The retina is considered an anatomical projection of the central nervous system with the same embryological origins. Unmyelinated axons of retinal ganglion cells form the retinal nerve fiber layer (RNFL) which extends like the optic nerve and connects to the lateral geniculate nucleus (LGN) in the thalamus, which serves as the first relay center of the visual pathway.
The presence of retinal pathology is closely linked to cognitive deficits in patients with Alzheimer's disease (AD), the deposition of amyloid-β plaques leading to retinal thickening. Specifically, peripapillary thinning of the retinal nerve fiber layer is the most common finding in many neurological conditions such as multiple sclerosis, stroke, neuromyelitis optica, dementia with Lewy bodies, Parkinson's, and Alzheimer's disease. Contradictory results are described in amyotrophic lateral sclerosis.
Even though some biomarkers have been validated and incorporated into new clinical diagnostic criteria, most have suboptimal test accuracy and are either very expensive, such as detecting Aβ and Tau deposits in the brain by positron emission tomography (PET), or quite invasive such as as a measure of tau protein and Aβ peptide levels in cerebrospinal fluid analysis. These retinal changes are clinically measurable using existing non-invasive techniques and can be used for the early diagnosis of neurodegenerative disorders.
Optical coherence tomography (OCT) is a relatively inexpensive, harmless, and rapid technique that allows objective retinal measurements and quantification in vivo. OCT is commonly used in ophthalmology to assess retinal integrity through high-resolution cross-sectional scans of retinal layers such as RNFL and CGL at different locations such as the macula or papilla. It is also an interesting tool for neurological research.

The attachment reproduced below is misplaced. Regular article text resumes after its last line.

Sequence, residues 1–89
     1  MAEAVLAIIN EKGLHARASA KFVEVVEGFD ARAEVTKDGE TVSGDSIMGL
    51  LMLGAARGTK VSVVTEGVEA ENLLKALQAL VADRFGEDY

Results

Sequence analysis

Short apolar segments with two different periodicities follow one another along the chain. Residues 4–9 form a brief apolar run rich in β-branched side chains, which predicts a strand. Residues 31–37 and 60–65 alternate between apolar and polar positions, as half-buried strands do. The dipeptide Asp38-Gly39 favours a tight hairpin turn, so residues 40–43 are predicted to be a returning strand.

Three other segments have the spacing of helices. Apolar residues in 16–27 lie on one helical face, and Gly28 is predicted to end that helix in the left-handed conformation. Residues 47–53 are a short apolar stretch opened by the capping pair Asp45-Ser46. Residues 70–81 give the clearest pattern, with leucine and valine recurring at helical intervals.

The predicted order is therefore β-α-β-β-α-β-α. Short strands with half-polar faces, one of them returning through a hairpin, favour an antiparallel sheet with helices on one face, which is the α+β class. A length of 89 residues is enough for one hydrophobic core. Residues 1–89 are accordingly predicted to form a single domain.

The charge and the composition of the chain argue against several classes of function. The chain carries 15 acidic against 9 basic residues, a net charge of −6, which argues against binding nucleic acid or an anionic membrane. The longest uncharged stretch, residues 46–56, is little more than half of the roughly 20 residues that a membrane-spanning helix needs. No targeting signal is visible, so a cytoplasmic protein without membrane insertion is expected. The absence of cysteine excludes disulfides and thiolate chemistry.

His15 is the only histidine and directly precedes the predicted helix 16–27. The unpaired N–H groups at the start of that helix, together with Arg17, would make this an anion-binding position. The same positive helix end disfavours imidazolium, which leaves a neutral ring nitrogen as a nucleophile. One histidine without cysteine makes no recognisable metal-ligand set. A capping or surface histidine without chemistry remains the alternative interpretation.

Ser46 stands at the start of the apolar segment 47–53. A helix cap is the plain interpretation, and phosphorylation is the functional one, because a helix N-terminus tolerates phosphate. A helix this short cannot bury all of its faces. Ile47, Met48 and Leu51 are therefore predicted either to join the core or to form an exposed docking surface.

A new study sheds light on the pathological significance and clinical value of retinal atrophy in patients with amyotrophic lateral sclerosis and Kennedy disease (spinal and bulbar muscular atrophy).
Authors from Padua, Italy recruited thirty-five patients with amyotrophic lateral sclerosis, thirty-seven with Kennedy disease, and forty-nine age-matched healthy controls were included in a longitudinal study of a year. Spectrum-domain optical coherence tomography was performed at the study entry and after 12 months.
Peripapillary retinal nerve fiber layer thickness was significantly thinner in amyotrophic lateral sclerosis and Kennedy disease compared to healthy controls. The peripapillary retinal nerve fiber layer was thinner in Kennedy disease compared to amyotrophic lateral sclerosis, but the difference was not statistically significant. In Kennedy's disease, pRNFL atrophy was significantly correlated with both disease severity and duration, whereas no significant correlation was found in amyotrophic lateral sclerosis.
During follow-up, the thickness of the peripapillary retinal nerve fiber layer remained stable in Kennedy disease whereas it decreased significantly in amyotrophic lateral sclerosis. : The authors conclude that retinal atrophy in amyotrophic lateral sclerosis and Kennedy disease. However, the study has no statistical value because the sample is much too small, and we know that the Amyotrophic Lateral Sclerosis Functional Rating Scale Revised (ALSFRS-R) and the functional assessment of bulbar spinal muscular atrophy (SBMA-FRS) are not reliable markers of disease progression. In fact, the use of tools to turn over, to clear the bronchi, or respiratory assistance leads to an improvement in this type of measurement, without the progression of the disease being changed.
So as usual, while the authors obviously did a lot of work, we do not know much more after this study than before reading it.